A sales job, while often advertised as a 9 to 5 job is anything but. Salespeople are often at the end of the phone to answer queries or talk to clients after hours.
This can understandably contribute to burn out, depression and anxiety, all of which must be closely monitored by those in leadership positions.
The cost of ignoring mental health conditions is significant. In fact, a recent study led by the World Health Organisation has uncovered that depression and anxiety conditions cost the global economy around $1 trillion every year in lost productivity.
Mental Health & Sales
Many people choose to work in sales for the rush of success, but on the other side of this coin can be a fear and anxiety triggered by failing to meet targets.
Anyone who has worked in sales will know that feeling of anxiety when that prospect you’ve been working on for weeks suddenly goes quiet. A salesperson is expected to manage the daily stresses of closing sales and balancing a healthy home life, but once this line starts to become blurred, it can begin to affect professional performance and overall health and wellbeing.
Anxiety and depression are becoming more common in modern society (or, rather, more people are willing to discuss it openly) and it’s no surprise that the high demand nature of the sales environment is an area that is tough on mental strength and wellbeing.
We all know that sales professionals are often required to be ‘on’ a great deal of the time, and so much energy is expended when someone is required to be confident, energetic and extroverted for large portions of the day.
Mental Health Risks in a Sales Environment
Addressing mental health and anxiety concerns in any working arena must start with a broad awareness of the environment and how it can be adapted to improve employees’ mental wellbeing across the board.
At my company Meet Hugo, this is something we’re always keen to keep an eye on, especially so once we started asking people to work from home once the pandemic took hold.
Any organisation must take the time to understand the culture and its employees’ requirements to involve everyone in the development of more effective mental health policies.
Finally, it’s crucial to ensure that everyone is fully aware of the support resources and structures that are in place to aid their mental wellbeing. Of course, some people may not be comfortable with sharing their thoughts and feelings, so they must know that assistance is there for them should they need it.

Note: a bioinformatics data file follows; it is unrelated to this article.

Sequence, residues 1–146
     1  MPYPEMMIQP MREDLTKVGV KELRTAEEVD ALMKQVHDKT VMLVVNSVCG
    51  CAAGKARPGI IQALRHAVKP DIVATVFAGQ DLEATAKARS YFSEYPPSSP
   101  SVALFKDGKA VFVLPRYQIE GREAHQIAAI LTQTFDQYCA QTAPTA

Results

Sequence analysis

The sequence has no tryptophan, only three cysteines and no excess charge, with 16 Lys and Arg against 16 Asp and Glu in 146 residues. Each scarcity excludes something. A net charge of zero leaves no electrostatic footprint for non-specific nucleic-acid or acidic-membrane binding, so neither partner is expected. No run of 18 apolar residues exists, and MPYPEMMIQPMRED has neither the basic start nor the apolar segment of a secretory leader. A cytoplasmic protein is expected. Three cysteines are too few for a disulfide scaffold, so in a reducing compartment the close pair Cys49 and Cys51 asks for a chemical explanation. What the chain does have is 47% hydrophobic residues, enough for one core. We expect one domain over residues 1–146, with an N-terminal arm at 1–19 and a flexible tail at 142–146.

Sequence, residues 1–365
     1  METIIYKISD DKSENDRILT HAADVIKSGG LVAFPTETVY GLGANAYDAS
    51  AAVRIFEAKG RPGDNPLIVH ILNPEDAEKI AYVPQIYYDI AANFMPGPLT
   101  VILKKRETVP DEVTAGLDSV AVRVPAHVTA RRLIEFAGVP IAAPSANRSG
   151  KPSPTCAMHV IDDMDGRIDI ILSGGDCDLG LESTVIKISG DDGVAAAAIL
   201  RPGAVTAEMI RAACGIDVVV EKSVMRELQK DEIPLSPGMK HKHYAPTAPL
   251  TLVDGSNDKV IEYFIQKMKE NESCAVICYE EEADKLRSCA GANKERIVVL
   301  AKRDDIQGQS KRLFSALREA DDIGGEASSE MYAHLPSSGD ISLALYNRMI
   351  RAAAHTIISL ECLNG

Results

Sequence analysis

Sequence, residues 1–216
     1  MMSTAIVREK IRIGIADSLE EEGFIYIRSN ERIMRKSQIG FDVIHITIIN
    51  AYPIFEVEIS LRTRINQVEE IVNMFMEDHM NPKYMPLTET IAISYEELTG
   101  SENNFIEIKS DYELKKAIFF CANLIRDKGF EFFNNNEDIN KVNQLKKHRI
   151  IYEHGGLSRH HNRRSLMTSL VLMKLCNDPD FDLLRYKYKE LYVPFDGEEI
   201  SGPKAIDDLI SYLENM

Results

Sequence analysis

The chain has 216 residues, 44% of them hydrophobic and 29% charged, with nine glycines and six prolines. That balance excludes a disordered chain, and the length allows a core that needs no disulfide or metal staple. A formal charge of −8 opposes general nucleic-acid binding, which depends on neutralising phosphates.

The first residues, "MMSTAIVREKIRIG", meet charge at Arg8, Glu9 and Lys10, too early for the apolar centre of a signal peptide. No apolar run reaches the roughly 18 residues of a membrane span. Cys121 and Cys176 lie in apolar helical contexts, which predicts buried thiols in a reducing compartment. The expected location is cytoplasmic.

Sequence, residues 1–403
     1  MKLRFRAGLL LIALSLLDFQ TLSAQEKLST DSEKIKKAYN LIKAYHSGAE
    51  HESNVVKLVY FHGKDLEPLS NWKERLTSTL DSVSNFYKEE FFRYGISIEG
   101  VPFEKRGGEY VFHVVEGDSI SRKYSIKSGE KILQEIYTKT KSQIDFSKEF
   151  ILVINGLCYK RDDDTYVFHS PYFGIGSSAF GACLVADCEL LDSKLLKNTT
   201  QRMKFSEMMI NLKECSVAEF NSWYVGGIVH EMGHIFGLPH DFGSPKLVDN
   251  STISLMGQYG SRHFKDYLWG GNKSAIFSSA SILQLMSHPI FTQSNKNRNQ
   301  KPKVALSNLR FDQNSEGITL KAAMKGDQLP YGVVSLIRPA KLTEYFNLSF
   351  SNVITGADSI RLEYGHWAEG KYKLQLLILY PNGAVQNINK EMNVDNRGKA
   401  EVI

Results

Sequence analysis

Never forget that your employees as people matter far more than any task or target.
What Could Cause Mental Fatigue in the Sales Department?
Any healthy working environment can only be so when strong leadership places all the pieces together.
How a salesperson, or any other employee for that matter, is treated by those in leadership positions will have a massive impact on how confident they feel and ultimately how well they can complete the tasks in front of them.
Some of the biggest reasons for mental health triggers in a working sales environment are:
- Poor communication.
- Losing prospects.
- Unclear directions and confusing instructions.
- Limited involvement in decisions that directly involve them.
- Lack of support.
- Bullying or intimidating behaviour.
Quite apart from management skills, empathy is a crucial ingredient to being a better leader. All great leaders are capable of putting themselves in others’ shoes, which is especially important when managing a team.
How to Address Mental Health in Sales
As a manager, it’s important to lead from the front and be open to the fact that mental health challenges will present themselves to at least one in four of us during a typical year.
Open the floor to your salespeople and create an open dialogue. Listen carefully to those that might need your help.
Here a few strategies to help in your quest to manage the mental health of your sales team:
- Compassion & Empathy – never attempt to downplay the thoughts and feelings of others as they’re communicated to you; you never truly know how someone feels, so it’s essential to be compassionate and empathetic. Acknowledge the presence of mental health struggles and work with that person to make positive steps.
- Open Communication – listen to what your team have to say, particularly those who appear to be struggling. By helping and supporting someone through what might be a tough time, you can help them get back to top form, both personally and professionally.
- Be Clear and Consistent – ensure that every member of your sales team is crystal clear on what is expected of them. If you notice confusion among the ranks, clear up and leave no room for ambiguity.
- Feedback – take the time to share useful and constructive feedback to help your team hit their targets.
- Navigate – you must always remember that you are the captain of the ship. Therefore, it’s crucial that you ensure that everyone is moving in the same direction.
Notes on a Healthy Workplace
Mental health is just as important as any physical complaint, particularly in a sales environment, where one relies on their personality to make sales.
For a business to truly thrive in 2021 and beyond, they must be sure to address mental health concerns if they wish to keep all their salespeople firing on all cylinders; both at home and in the office.
As with any health worries, difficulties with mental health in sales stop people from doing the best they can. If left unaddressed, these matters can seriously hamper your business.
Establish a healthy workplace not just for a stronger sales team, but also for your company’s financial health and the wellbeing of those that make your business what it is.